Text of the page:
• Celebrating The Centennial Of Flight: The Boeing 377 Stratocruiser


    Celebrating the Centennial of Flight with
    The Magnificent Boeing 377 Stratocruiser

    By Cap Mason

    The trail-blazer for peacetime jumbo airliners

    As part of our Celebration of the Centennial of Flight and to commemorate the 50th Anniversary of the end of the war; we recently ran a 3-part series about the B-29 Superfortress and its role in the Korean War. Written by Clyde Durham, a former B-29 gunner, the series got me interested in this magnificent aircraft once again. You can read Clyde’s first person tales in A Tailgunner's View of the Korean War, Tour of Duty in the Mighty B-29

    “Hey Cap, what the heck does the B-29 have to do a Boeing 377?”

    Well, what many people don’t realize is, the bomber that delivered the atomic bomb was the mother of the world’s first high altitude, pressurized cabin, jumbo capacity, globe-trotting airliner.

    Much more than just a weapon of mass destruction that helped win World War II and end the Korean Conflict -- the Boeing B-29 Stratofortress revolutionized aircraft design. It set the stage for the new breed of civilian airliners that ushered in the Golden Age of civilian aviation after the wars.



    A Watershed Event In Aviation History

    Several key technological breakthroughs embodied in the B-29 made the success of the Boeing 377 possible including:

    • The pressurized cabin

    • The supercharged Wright Cyclone engine

    • An extraordinarily efficient Boeing wing, giving it huge carrying capacity--plus higher performance and greater economy in operation than any other transport.

    Every so often an aircraft appears which does more for aviation than its limited production numbers would indicate. This was certainly the case with the Stratocruiser. Only 55 passenger airliners were ever built.


    The Stratocruiser’s development began in 1944

    It first appeared as a military aircraft that was later named the C-97 Stratofreighter. This was a large-capacity transport that embodied the wings, engines, tail unit, undercarriage and other components of the Boeing B-29 Superfortress bomber. The military used Stratofreighters as cargo ships and KC-97s as refueling tankers. Some are still in service today with the United States Air Force and the Israel Air Force.

    Warbird becomes the symbol of 1950s elegant luxury

    The Stratocruiser was developed as an airliner version of the Stratofreighter. Its striking appearance made it look like a pregnant B-29. The Stratocruiser had the same B-29 parts married to a bulbous fuselage. The B377 could accommodate 55 to 100 passengers in its various interior configurations which included 28 sleeping berths. All versions also featured a lower-deck with lounge and bar. This innovation, plus its long range and high speed for its time, made the Stratocruiser a very popular airliner. It was also the world's first true jumbo airliner and launched a tradition that eventually led to the Boeing 747.

    Transformation from beauty to the beast

    The B377 also was developed into one of the most unusual aircraft of all time. Aero Space Lines expanded the Stratocruiser's fuselage to carry spacecraft sections. The first version, dating to the early 1960's, was called the "Pregnant Guppy". Later an even larger version called the "Superguppy" was created as well as a smaller one called the "Miniguppy". In the process an elegant airliner was transformed into one of the ugliest airplanes in the sky.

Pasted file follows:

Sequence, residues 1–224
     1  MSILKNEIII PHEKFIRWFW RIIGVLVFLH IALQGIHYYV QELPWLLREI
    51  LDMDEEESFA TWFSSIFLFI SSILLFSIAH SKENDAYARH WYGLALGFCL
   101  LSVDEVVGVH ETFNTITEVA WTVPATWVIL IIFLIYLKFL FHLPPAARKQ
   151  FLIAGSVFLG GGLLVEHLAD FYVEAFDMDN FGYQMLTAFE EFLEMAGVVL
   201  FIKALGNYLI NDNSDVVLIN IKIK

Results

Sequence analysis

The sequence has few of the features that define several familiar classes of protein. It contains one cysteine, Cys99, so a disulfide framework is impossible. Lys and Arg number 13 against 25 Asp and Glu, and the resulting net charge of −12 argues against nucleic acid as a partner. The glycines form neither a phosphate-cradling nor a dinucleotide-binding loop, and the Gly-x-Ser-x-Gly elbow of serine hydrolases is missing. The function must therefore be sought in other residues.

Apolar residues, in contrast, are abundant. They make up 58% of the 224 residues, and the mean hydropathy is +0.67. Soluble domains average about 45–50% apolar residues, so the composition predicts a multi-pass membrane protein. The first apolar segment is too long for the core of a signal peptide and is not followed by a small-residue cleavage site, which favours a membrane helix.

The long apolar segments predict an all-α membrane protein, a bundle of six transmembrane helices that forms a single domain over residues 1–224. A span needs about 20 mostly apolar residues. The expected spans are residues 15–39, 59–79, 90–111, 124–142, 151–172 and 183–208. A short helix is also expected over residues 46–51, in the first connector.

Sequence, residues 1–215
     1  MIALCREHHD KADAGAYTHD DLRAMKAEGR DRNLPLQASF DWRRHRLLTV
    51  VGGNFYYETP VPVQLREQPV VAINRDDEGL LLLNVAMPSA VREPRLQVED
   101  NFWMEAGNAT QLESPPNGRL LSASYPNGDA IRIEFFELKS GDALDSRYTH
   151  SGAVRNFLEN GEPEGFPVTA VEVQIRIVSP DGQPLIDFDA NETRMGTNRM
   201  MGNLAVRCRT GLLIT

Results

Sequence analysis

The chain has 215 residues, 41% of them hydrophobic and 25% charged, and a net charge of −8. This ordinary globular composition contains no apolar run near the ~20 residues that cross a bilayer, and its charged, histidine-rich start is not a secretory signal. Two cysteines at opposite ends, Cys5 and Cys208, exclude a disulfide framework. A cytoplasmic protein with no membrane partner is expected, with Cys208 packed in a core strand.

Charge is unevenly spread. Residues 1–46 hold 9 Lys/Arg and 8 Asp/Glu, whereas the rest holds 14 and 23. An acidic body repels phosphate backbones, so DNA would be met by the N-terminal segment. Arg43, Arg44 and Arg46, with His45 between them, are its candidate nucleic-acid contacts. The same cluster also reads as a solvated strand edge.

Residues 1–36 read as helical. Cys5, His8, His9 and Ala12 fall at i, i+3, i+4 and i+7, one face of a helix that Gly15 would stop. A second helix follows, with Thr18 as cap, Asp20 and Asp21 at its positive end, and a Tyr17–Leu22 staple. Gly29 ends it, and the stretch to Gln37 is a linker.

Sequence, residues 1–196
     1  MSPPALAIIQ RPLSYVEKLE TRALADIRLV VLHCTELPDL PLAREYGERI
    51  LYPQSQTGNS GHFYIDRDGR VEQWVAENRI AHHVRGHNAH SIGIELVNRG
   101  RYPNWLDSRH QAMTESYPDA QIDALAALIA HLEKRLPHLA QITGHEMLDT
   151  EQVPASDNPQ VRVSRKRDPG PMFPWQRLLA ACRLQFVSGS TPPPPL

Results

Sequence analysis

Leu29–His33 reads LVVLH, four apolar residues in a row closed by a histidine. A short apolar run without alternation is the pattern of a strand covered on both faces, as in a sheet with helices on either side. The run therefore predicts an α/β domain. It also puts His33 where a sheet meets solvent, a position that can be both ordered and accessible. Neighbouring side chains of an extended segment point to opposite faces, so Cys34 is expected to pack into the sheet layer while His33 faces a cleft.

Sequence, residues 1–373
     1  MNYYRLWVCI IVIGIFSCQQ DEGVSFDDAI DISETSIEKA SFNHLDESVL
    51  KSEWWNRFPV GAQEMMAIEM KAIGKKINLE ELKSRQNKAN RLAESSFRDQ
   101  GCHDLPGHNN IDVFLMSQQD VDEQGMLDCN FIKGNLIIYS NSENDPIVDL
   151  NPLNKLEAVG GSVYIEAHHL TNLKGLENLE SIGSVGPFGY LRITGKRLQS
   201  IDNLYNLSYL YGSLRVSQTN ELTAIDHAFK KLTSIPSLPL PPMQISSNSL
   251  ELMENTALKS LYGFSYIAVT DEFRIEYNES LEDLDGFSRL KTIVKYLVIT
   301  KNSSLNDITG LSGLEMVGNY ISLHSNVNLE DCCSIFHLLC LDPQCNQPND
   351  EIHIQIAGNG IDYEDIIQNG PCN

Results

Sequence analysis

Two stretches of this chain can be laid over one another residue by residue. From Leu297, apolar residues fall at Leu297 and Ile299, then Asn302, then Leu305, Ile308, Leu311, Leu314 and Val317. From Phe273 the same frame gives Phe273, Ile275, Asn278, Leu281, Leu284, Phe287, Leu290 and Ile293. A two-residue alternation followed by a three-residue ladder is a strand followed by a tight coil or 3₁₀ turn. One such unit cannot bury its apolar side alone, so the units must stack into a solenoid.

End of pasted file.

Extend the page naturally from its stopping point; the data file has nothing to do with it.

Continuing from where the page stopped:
The Speedbird breaks the record

    Right out of the gate, the B377 broke all records for transcontinental flight with a coast-to-coast average speed of 383 miles per hour. Now that we are zipping along (or at least until October) at supersonic speed with the Concorde or near supersonic speeds of .8 mach or better with commercial jetliners, 383 mph seems like a leisurely stroll across the tarmac. But in the 1940s and 50s, it was a mind boggling achievement.

    During the war, Boeing designers became experts in stratosphere research and the production of aircraft for high-level, over-weather operation. They also achieved technical breakthroughs in pressurized cabins, sound-proofing and air-conditioning plus structural and aerodynamic advances. This all came together in the Stratocruiser that was safe and dependable, easy to navigate and control and brought to the market a level of passenger comfort never before imagined.

    In 1949 Pan American World Airways introduced the Stratocruiser into passenger carrying service, flying transatlantic routes. Pan Am eventually owned half of the Stratocruisers made, though five other airlines also flew them including BOAC which began transatlantic flights the same year as Pan Am. Until jetliners came along Stratocruisers remained as the flagships of the North Atlantic runs.

    Now, you can fly the Stratocruiser in FS2002 and FS2004

    Log in and download the freeware file named: BOACB377.ZIP

    This FS2002/FS2004 BOAC Boeing 377 Stratocruiser is a highly realistic challenge to fly and includes three versions of the British Overseas Airways Corporation livery: 1949 delivery scheme, 1951 white fin, final scheme with blue fin. Features virtual cockpit, reflective textures, moving parts. Gmax model by Greg Pepper. Painted by Dave McQueen. Assistance by Tom Gibson.

    Cap Mason

    [email protected]